What Happens During a Nuclear Medicine Procedure?
Nuclear medicine tests (also known as scans, examinations, or procedures) are safe and painless. In a nuclear medicine test, small amounts of radiopharmaceuticals are introduced into the body by injection, swallowing, or inhalation. Radiopharmaceuticals are substances that are attracted to specific organs, bones, or tissues. The amount of radiopharmaceutical used is carefully selected to provide the least amount of radiation exposure to the patient but ensure an accurate test. A special camera (PET, SPECT, or gamma camera) is then used to take pictures of your body. The camera detects the radiopharmaceutical in the organ, bone or tissue and forms images that provide data and information about the area in question. Nuclear medicine differs from an x-ray, ultrasound or other diagnostic test because it determines the presence of disease based on biological changes rather than changes in anatomy.
Nuclear medicine procedures are among the safest diagnostic imaging exams available. To obtain diagnostic information, a patient is given a very small amount of a radiopharmaceutical. Because such a small amount is used, the amount of radiation received from a nuclear medicine procedure is comparable to, or often times less than, that of a diagnostic x-ray. The nuclear medicine team will carefully perform the most appropriate examination for the patient’s particular medical problem and thereby avoid any unnecessary radiation exposure.
Are radiopharmaceuticals safe?
Absolutely. Like any medicine, they are prepared with great care. Before they are used, they are tested carefully and are approved for use by the U.S. food and Drug Administration. The quantity the pharmaceutical is very small, generally 10/1 th of a millionth of an ounce. The risk of a reaction is a 2 – 3 incidents per 100.000 injections, over 50 % of which are rashes, as compared to 2000- 3000 per 10.000 injections of x-ray contrast media.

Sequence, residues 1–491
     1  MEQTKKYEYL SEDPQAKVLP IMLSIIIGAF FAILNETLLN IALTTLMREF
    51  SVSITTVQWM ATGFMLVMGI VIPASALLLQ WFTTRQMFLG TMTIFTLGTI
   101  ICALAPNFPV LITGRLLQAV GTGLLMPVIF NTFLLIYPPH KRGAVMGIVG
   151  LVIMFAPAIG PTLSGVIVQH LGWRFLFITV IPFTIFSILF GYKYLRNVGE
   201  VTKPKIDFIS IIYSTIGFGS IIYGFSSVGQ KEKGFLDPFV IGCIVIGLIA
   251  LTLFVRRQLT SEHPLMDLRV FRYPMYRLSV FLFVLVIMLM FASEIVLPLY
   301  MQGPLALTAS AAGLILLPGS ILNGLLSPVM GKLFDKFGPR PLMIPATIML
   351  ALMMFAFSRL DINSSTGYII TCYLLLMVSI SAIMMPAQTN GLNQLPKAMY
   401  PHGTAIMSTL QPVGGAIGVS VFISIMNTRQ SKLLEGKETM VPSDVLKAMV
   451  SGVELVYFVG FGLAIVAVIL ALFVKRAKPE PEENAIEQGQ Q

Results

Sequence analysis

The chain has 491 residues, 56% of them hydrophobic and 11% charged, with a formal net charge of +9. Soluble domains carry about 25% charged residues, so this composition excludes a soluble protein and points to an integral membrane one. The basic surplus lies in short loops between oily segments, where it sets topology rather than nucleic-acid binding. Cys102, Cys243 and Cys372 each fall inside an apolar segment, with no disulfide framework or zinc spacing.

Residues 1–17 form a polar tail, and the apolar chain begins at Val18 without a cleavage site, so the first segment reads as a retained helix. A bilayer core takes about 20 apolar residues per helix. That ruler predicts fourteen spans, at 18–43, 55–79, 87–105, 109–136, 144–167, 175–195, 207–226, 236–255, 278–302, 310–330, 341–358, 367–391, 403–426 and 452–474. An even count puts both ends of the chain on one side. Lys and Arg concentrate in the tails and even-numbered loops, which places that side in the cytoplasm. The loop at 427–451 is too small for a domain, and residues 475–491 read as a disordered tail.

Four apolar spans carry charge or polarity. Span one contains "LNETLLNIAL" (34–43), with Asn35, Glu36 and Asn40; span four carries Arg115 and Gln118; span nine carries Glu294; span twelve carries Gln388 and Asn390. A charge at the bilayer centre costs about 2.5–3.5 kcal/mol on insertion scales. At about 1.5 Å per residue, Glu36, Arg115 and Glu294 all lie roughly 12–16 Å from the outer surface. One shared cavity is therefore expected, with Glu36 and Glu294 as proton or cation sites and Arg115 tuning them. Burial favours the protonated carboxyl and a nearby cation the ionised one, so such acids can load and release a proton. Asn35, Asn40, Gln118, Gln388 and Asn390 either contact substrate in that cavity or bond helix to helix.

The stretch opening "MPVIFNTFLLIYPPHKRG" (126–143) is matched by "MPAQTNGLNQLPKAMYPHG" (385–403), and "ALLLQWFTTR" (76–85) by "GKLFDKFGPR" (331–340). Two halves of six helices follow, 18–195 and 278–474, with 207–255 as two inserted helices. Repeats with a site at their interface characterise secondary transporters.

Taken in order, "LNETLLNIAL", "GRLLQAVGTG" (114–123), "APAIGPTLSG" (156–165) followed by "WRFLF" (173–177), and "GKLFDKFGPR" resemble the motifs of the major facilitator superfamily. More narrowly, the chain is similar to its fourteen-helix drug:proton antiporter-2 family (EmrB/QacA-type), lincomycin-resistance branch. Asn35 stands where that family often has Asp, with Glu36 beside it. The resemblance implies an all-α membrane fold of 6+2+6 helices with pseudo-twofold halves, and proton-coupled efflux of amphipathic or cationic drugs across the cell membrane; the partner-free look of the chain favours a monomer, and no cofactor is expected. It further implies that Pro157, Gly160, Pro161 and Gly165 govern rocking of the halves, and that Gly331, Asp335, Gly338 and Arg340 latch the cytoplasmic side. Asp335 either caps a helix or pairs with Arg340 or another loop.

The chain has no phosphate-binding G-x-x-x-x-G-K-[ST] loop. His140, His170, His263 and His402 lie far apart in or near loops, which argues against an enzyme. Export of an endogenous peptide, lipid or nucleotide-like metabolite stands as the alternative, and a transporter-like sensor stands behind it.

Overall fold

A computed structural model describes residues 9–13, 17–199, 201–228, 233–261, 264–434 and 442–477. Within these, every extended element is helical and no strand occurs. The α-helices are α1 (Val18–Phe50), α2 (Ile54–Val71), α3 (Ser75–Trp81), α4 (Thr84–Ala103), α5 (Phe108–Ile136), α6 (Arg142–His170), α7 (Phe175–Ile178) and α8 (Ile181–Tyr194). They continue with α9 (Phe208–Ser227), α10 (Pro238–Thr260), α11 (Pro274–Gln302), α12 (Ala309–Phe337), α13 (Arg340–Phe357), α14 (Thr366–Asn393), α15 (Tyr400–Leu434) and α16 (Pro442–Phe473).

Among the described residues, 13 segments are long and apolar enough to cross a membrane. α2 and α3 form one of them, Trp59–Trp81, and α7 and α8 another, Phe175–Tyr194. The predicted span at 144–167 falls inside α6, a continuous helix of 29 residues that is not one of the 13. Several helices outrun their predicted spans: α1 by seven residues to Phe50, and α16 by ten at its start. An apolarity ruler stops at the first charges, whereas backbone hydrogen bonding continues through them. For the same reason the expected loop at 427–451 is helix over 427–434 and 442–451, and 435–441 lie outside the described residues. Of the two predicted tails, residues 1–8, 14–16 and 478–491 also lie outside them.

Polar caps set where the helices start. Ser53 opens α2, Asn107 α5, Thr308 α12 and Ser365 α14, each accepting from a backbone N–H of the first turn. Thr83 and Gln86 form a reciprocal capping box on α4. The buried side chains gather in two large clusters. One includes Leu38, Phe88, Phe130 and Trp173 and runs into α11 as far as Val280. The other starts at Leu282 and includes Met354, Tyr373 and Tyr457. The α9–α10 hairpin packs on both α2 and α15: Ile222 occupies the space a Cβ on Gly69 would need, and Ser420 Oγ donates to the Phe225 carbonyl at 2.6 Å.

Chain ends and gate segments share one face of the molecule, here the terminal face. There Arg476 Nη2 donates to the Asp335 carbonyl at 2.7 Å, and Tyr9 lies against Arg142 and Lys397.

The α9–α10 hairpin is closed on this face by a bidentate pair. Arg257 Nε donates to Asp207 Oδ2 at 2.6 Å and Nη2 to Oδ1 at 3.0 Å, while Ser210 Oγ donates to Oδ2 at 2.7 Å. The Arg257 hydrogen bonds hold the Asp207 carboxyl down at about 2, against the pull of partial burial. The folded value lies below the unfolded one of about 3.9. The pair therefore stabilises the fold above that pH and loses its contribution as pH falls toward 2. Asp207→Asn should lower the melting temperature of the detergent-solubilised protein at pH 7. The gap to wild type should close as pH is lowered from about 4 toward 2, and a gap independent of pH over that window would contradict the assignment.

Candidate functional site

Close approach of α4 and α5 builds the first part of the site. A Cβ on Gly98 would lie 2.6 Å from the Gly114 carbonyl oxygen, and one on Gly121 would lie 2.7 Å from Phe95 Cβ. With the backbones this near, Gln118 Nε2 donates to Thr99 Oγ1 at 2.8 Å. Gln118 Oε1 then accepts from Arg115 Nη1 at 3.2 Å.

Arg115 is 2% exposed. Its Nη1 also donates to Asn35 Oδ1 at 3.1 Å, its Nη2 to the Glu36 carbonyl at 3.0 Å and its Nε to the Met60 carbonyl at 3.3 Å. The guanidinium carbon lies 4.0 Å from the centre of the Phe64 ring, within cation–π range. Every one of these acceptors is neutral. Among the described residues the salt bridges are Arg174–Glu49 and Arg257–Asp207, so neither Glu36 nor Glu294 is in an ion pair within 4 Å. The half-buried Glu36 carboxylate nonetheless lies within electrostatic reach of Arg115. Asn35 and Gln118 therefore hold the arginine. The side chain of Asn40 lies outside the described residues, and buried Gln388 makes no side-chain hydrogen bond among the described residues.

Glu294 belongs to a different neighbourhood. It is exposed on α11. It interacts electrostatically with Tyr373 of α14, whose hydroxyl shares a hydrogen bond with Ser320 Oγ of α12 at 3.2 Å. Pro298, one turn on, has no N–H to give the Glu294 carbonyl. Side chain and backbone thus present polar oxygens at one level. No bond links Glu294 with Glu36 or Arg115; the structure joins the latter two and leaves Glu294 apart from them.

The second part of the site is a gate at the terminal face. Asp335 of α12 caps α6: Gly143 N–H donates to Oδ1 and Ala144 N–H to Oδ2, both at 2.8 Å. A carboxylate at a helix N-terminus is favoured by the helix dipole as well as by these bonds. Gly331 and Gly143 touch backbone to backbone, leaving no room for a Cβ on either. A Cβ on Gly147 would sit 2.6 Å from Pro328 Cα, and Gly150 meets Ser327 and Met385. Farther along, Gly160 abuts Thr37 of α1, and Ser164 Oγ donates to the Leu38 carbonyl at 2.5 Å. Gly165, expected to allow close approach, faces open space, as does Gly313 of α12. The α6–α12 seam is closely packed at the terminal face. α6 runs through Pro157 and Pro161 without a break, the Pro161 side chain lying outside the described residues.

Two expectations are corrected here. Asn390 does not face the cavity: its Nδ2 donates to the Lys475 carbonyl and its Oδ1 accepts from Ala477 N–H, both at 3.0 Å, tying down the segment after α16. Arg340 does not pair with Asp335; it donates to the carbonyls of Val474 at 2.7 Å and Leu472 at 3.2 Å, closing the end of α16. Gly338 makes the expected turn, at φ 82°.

Post procedure instructions
After most nuclear medicine procedures it is generally best to drink a lot of fluids and urinate as frequently as you can. This helps to flush the remaining radioactivity out of your body. The length of time you need to do this will depend on the kind of study you had and the type of radiopharmaceutical that was used. Again, it is best to ask your doctor.
An Integral Part of Patient Care
Nuclear medicine studies can help diagnose and treat many diseases. Some areas in which nuclear medicine is used include:
Alzheimer›s Disease Demonstrate
Changes in AIDS Dementia Evaluate
Patients for Carotid Surgery Localize
Seizure Foci Evaluate Post
Concussion Syndrome Diagnose
Identify Occult Bone Trauma (Sports Injuries)
Evaluate Arthritic Changes and Extent
Localize Sites for Tumor Biopsy
Measure Extent of Certain Tumors
Identify Bone Infarcts in Sickle Cell
Detect Urinary Tract Obstruction
Diagnose Renovascular Hypertension
Measure Differential Renal Function
Detect Renal Transplant Rejection
Detect Renal Scars
Coronary Artery Disease Measure
Effectiveness of Bypass Surgery
Measure Effectiveness of Therapy for
Heart Failure Detect Heart Transplant
Rejection Select Patients for Bypass
or Angioplasty Identify Surgical
Patients at High Risk for Heart Attacks
Identify Right Heart Failure Measure
Chemotherapy Cardiac Toxicity
Evaluate Valvular Heart Disease Shunts
and Quantify Them Diagnose and
Localize Acute Heart Attacks Before
Diagnose Pulmonary Emboli
Complications of AIDS
Ventilation and Perfusion
Detect Lung Transplant Rejection
Detect Inhalation Injury in Burn
Diagnose and Treat Hyperthyroidism
Detect Acute Cholecystitis
Chronic Biliary Tract Disfunction
Detect Acute Gastrointestinal Bleeding
Detect Testicular Torsion
Detect Occult Infections
Diagnose and Treat Blood Cell
Ask Your physician or local nuclear medicine department for more details on specific nuclear medicine procedures.